.Silver Mountain Vineyards Wins Big at Chronicle Wine Competition

Congratulations to vintner Jerold O’Brien, who founded Silver Mountain Vineyards 43 years ago. His wines, organically grown and consistently elegant, keep acquiring awards for their outstanding quality. In this year’s prestigious San Francisco Chronicle Wine Competition, Silver Mountain’s 2014 Syrah took Best of Class, while the 2014 Santa Lucia Highlands Pinot Noir received a double gold. Tasting is believing, so make sure you stop by the tasting room at 402 Ingalls Street in westside Santa Cruz to sample these wines, as well as Silver Mountain’s other award-winning pinots and chardonnays. Saturday and Sunday, noon-5pm. silvermtn.com.

More Sparkle

Recently discovered Bitters & Soda, a dry, aromatic elixir made with gentian tincture from Hella Cocktails. This stuff is the bomb. Part of the expanding wave of alternatives to booze, and/or soft drinks, such as Coke, rootbeer and ginger ale. Seriously compelling, Hella offered a sophisticated blend of sparkling water and bitters (allspice, peppercorns, caraway, cinnamon sticks, cloves, wormwood, rose hips, angelica root, gentian root, star anise, chamomile), plus assorted fruit juices. We found it refreshing all by itself, but we went further, and in our taste test we drank half of the attractive 12 oz. can contents straight. Then we poured a splash of Campari into half of the other half, and Luxardo bitter vermouth into the other half. Both of these alco+ concoctions were terrific. One can only imagine how fab gin would have tasted when mixed with this stuff. They have other flavors, but my money’s on the Bitters & Soda. A 12-pack runs around $38 bucks, or $3 a can. Straight out of the can it’s an all-day tipple.

So we moved on to try another sparkling drink, a Tepache from De La Calle, based on the ubiquitous “pineapple beer” street drinks found widely in Mexico. In a bright green can, picked up at the venerable Food Bin on Mission Street, we found the delightful Tamarind Citrus flavor tepache filled with hints of fermented pineapple, turbinado sugar and the cola perfume of tamarind. Tamarind is one of the great flavors of the natural world, and in this zesty drink it mingles with agave, orange juice, rosemary, cinnamon, black pepper and various probiotic cultures. For $2.99 you’ll be on a total flavor ride. Fabulous with anything—grilled cheese, tacos, left-over steelhead, avocado, pretzels. Great discovery.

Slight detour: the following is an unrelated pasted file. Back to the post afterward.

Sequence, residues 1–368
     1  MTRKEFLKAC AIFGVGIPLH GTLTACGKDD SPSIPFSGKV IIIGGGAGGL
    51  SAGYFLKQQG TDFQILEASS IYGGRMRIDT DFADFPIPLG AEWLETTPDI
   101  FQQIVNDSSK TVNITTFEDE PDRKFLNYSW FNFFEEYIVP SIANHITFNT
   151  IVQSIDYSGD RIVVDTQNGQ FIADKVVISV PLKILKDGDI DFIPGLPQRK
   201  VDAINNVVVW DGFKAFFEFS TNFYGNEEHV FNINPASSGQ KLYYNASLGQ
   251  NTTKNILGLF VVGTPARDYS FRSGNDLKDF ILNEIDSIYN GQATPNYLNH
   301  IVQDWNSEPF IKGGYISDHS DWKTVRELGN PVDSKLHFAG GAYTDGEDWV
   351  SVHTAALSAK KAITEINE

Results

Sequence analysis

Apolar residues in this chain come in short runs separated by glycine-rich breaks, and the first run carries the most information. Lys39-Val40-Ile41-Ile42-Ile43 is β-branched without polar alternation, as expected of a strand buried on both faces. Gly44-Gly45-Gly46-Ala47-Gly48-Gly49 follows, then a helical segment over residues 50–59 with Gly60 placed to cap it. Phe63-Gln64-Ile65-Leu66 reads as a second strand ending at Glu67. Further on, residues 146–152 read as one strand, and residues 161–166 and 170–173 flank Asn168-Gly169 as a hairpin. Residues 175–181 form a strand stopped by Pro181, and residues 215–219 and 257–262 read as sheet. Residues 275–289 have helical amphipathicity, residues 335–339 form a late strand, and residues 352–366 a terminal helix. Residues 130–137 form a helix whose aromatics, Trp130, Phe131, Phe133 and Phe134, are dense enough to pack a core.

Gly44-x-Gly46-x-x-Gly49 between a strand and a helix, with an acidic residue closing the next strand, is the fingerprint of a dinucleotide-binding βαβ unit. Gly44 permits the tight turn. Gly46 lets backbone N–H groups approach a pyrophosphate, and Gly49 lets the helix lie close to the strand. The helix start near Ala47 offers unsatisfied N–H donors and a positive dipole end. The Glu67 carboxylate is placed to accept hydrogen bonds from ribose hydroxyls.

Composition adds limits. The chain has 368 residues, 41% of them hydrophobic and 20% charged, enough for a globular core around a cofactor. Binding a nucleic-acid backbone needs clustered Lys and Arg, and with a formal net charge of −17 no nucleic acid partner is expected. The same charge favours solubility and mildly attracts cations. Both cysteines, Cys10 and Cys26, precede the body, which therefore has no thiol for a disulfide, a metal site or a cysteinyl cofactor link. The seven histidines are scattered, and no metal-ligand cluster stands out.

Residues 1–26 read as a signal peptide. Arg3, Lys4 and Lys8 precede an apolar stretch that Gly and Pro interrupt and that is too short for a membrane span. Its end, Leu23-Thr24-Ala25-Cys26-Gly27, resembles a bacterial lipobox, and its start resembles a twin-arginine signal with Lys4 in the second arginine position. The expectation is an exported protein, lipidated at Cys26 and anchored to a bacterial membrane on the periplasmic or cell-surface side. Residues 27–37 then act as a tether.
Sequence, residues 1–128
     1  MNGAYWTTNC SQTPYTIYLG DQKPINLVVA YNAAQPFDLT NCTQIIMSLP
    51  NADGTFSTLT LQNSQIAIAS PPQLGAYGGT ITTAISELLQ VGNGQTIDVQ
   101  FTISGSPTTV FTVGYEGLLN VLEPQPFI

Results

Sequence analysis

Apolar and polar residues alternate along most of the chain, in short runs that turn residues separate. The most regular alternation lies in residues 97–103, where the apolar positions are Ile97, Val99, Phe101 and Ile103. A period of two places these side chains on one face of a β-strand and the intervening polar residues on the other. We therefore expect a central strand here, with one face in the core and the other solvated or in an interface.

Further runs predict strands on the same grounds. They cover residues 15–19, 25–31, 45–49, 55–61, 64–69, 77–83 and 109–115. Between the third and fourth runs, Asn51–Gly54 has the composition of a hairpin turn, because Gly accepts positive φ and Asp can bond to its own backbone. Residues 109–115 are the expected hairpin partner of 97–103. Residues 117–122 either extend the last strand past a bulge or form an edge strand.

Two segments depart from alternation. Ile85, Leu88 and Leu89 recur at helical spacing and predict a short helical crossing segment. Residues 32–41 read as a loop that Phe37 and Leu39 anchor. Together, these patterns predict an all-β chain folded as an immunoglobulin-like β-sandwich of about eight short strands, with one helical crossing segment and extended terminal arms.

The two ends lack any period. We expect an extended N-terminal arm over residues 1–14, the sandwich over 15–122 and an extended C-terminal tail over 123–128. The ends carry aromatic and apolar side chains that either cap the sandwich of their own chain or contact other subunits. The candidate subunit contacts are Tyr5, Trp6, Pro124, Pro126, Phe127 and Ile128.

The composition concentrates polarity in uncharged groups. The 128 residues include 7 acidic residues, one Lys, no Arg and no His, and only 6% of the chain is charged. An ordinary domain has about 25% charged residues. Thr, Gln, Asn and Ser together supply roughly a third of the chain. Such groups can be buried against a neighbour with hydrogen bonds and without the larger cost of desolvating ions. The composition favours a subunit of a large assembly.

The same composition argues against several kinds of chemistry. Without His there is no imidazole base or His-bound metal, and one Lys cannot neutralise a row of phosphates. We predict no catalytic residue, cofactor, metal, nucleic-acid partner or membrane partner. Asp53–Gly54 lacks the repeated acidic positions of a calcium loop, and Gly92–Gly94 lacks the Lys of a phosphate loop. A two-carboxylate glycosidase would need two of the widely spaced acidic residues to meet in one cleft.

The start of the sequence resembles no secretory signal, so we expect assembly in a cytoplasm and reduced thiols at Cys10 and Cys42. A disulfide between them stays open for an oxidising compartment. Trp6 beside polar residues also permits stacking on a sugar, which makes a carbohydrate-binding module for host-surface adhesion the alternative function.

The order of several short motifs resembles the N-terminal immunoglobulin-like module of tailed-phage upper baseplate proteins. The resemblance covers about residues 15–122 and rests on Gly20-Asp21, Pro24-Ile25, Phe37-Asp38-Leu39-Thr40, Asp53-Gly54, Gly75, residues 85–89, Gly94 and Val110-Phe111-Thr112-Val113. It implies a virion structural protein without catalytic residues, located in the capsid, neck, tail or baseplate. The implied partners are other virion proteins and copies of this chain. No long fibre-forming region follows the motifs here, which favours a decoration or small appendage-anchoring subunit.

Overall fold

Intrigued by the sophisticated possibilities, we moved on to sample the highly touted Seedlip, which turned out to be far less than all the hype. One of the leaders in the non-alcoholic spirits realm, this bland creation delivered nothing, unless you count the gorgeous bottle. Yes, packaging is a plus, but so is flavor. I was game enough to pop for $35 to test drive this product. The “flavor” I purchased was called, poetically enough, Garden. Great to walk in, not so much to drink. If Seedlip is viewed as a mixer—one of several ingredients you add to a cocktail which might also include soda, fruit juices, gin, bitters, herbal purees—that would be one thing. But we tried it in a glass of ice and soda. The flavor was barely detectable and not particularly pleasant. Peas, hay, thyme and spearmint do not a pleasing flavor experience make. Desperate for some flavor, we added a healthy splash of Luxardo Bitters, which clashed unpleasantly with Seedlip’s pea undertone. Maybe a glass of gin with a splash of Seedlip would work, but that utterly defeats the non-alcohol promotion of this fermented beverage. I was disappointed with Seedlip, but the discovery of the bracing and distinctive tasting Hella Bitters & Soda more than made up for it.


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